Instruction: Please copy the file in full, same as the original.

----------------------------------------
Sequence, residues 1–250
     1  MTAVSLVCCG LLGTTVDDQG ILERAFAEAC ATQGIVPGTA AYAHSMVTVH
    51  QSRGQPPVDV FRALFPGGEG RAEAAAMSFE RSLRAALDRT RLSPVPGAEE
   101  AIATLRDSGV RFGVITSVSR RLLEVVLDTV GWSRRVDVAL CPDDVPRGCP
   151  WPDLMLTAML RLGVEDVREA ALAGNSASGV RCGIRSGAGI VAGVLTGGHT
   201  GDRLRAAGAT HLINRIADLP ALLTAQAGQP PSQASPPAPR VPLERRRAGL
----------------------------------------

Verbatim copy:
Sequence, residues 1–250
     1  MTAVSLVCCG LLGTTVDDQG ILERAFAEAC ATQGIVPGTA AYAHSMVTVH
    51  QSRGQPPVDV FRALFPGGEG RAEAAAMSFE RSLRAALDRT RLSPVPGAEE
   101  AIATLRDSGV RFGVITSVSR RLLEVVLDTV GWSRRVDVAL CPDDVPRGCP
   151  WPDLMLTAML RLGVEDVREA ALAGNSASGV RCGIRSGAGI VAGVLTGGHT
   201  GDRLRAAGAT HLINRIADLP ALLTAQAGQP PSQASPPAPR VPLERRRAGL